Up, up and away – Serengeti Balloon Ride

Jul 23

We woke up before the wake up “call” came to knock at our door. We were tired but anxious to get to the balloon ride. It didn’t take us long to repack. After two weeks of packing up your stuff every morning you get to be an expert at getting it done quickly. As we start for the lobby one of the porters shows up to carry our bags. We are the first two from our group in the lobby. There is another couple waiting for the balloon ride as well. There are coffee and cookies on a small table but I decide not to have any since there is no bathroom on the balloon. The rest of the group gradually drifts in to the lobby half awake. There isn’t a lot of talking.

One of the drivers from the balloon company comes and tells us we will be going in two groups. He will take two cars and then come get the others. Somehow we don’t end up in the first group so once again we are waiting. It seems like I have done an awful lot of getting up early to wait around while I have been here in Africa – its that patience thing again. I think it is at least 30 minutes before the cars come back to get us. We load in to the Land Cruiser and head out. There still isn’t much talking going on. I am in the front (again – car sick precaution) so I can see out the front into the pitch dark. As we drive down the road a civet (nocturnal cat) crosses the road in front of us. I see an owl and a hyena. I think everyone else is asleep. As we are getting closer to the balloon area there is a faint bit of light on the horizon. I am worrying that we will miss the sunrise from the balloon. It seems like it has taken us forever – by now it is almost 6 and we got up a 4. Just then we see 4 cheetahs to the side of the road. We are in a hurry though so we don’t stop to look very long. Finally we make it to the balloon launch site. There are 3 balloons filling up with hot air. Ours is the last one. There was one more car behind us but we don’t see it anywhere. We get out of the car and mill around. We are starting to get excited now. The other balloons are filling up quickly. We soon realize we aren’t going to get any instructions until the other car shows up But there is no sign of it and nobody telling us what is going on. Patience again!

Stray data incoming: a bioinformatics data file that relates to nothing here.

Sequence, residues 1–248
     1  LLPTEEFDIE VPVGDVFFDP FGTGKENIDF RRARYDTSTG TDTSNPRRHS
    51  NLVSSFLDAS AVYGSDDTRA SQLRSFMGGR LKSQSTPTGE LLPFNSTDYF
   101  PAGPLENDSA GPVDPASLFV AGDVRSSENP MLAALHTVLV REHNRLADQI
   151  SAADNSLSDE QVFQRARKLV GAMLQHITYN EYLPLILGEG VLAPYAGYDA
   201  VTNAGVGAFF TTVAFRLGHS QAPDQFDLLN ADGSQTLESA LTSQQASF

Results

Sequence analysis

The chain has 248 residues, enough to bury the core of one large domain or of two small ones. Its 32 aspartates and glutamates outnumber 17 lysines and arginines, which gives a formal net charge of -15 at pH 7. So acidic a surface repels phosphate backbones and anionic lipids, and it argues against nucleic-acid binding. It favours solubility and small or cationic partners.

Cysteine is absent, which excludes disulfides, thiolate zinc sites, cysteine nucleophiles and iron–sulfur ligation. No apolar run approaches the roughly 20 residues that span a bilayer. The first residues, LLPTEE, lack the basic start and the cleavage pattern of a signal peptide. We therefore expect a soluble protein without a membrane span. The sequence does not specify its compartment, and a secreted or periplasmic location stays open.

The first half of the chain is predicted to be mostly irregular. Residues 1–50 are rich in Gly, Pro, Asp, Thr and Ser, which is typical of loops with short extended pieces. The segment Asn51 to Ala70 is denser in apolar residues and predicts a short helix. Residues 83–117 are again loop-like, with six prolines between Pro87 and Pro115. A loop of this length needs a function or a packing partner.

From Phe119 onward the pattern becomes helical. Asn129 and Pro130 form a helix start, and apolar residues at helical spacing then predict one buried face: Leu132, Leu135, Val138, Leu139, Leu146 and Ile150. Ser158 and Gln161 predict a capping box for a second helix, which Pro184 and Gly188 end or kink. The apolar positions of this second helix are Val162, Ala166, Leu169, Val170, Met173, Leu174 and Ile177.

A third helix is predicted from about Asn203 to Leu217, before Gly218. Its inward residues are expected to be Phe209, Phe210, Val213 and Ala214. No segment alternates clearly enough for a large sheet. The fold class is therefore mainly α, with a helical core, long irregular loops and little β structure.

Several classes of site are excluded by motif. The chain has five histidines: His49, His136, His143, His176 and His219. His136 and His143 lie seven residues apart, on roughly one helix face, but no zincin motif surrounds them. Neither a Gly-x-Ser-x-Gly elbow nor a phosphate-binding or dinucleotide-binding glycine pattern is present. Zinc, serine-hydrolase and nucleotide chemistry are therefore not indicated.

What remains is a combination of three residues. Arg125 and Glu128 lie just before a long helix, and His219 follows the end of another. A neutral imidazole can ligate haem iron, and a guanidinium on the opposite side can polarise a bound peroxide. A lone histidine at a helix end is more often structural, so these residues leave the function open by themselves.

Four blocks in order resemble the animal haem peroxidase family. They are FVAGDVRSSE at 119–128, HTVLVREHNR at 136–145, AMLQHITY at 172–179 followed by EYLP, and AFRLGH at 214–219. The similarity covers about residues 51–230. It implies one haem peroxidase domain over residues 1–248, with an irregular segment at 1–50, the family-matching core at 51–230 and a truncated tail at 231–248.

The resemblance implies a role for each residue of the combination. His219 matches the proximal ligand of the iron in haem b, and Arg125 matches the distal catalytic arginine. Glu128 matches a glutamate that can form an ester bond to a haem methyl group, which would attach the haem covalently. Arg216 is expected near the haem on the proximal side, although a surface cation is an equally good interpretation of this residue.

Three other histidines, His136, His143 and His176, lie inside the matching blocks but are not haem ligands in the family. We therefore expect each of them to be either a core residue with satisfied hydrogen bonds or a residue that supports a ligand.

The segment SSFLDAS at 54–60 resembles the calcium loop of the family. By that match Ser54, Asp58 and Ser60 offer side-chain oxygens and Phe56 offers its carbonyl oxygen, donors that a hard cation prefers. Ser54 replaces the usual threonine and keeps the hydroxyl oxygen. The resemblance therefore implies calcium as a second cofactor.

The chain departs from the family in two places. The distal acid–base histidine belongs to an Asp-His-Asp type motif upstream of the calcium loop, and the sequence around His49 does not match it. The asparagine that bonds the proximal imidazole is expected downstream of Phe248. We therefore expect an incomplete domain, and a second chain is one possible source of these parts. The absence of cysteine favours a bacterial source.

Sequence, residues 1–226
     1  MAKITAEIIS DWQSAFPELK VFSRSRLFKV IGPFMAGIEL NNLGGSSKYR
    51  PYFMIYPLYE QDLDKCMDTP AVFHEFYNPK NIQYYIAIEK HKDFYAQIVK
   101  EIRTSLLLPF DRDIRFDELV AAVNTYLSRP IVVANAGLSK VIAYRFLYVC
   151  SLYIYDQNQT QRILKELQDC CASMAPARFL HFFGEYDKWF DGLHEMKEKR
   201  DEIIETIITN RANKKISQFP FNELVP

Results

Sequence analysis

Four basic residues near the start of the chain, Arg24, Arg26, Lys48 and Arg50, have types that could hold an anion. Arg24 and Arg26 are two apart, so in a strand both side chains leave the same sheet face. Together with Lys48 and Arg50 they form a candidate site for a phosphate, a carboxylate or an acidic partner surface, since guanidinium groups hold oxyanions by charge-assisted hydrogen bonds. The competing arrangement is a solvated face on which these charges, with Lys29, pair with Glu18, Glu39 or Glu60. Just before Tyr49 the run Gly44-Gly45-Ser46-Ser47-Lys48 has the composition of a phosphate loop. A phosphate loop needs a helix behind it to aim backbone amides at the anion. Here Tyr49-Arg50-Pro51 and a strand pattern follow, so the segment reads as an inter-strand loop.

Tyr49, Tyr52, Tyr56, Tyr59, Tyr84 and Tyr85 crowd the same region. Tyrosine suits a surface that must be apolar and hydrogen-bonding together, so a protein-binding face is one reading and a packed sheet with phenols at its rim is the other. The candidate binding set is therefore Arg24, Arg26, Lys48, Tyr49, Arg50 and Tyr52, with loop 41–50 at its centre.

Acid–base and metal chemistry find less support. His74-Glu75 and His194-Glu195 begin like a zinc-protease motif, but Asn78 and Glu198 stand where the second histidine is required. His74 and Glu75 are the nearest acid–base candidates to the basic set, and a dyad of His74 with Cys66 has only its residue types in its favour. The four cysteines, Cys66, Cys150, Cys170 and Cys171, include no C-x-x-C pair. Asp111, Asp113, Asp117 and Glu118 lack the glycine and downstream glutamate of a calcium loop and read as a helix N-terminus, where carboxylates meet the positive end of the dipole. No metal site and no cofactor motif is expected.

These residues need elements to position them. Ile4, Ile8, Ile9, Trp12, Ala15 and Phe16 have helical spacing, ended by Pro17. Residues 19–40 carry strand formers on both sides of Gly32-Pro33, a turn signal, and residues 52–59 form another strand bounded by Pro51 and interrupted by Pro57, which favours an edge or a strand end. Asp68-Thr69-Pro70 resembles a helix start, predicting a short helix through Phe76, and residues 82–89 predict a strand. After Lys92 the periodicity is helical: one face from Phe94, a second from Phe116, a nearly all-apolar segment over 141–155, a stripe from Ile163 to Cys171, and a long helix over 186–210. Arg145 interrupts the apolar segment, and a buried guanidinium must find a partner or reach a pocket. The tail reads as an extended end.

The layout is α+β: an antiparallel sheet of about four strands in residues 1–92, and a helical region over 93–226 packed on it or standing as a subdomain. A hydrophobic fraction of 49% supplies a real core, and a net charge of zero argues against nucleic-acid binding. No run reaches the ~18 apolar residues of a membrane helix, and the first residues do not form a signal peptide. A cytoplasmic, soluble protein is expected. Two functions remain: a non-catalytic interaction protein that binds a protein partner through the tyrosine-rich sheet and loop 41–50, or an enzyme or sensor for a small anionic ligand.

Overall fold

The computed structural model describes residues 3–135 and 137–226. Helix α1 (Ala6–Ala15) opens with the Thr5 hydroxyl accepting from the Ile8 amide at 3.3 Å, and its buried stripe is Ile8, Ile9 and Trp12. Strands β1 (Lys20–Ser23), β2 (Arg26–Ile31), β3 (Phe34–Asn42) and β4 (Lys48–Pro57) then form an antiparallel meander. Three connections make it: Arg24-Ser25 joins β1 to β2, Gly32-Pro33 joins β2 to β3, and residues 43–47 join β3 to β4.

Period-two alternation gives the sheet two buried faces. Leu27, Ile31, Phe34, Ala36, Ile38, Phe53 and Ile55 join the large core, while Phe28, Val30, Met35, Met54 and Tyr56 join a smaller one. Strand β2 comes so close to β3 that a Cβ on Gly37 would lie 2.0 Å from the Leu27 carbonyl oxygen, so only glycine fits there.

Finally it is getting too late , they tell us our other car is having some sort of engine trouble but another car is going to pick them up. They rush us over to the balloon for some hasty instructions. Balloons are loaded with the basket lying on its side on the ground. We have to climb in from an awkward angle but we manage. John and I climbed in one of the bottom sections facing up at Sierra and Monique. They were both a little wide-eyed and uncomfortable with the situation.

The balloon was filling with air and starting to tip the basket up. The balloon staff on the ground were holding it down but their was some question as to whether or not they could hold it much longer. Still no car with the others. I was thinking how awful it would be to miss the balloon ride at the end due to car trouble. Lori was in the missing car and I was feeling terrible that she might not make it after all she went through to put the trip together. We were about to float off the ground when up pulls the car. Mayhem ensues! A few are rushing toward the balloon but some seem to be in no hurry. They don’t understand the urgency – the balloon only needs one gust of wind and it will take flight without them. They are being rushed over to the basket. One by one they are hoisted up over the tall sides the basket. On our end Mickey, Susie, Jeanne and April managed to tumble over the edge and in to their compartments. April was half asleep and not feeling too well but she managed. Down on the other end Lori and Neil made it as well. And we were off!

The other two balloons were out ahead of us dotting the sky. The sun had risen by this time and was casting some shadows from the balloons on to the ground below. It was a beautiful morning. We floated along in complete serenity. Amazing after the chaos of waiting for take off. Its just the most magnificent feeling being in a balloon looking over this wide open space – not a house, pavement, car, airplane – nothing in our way.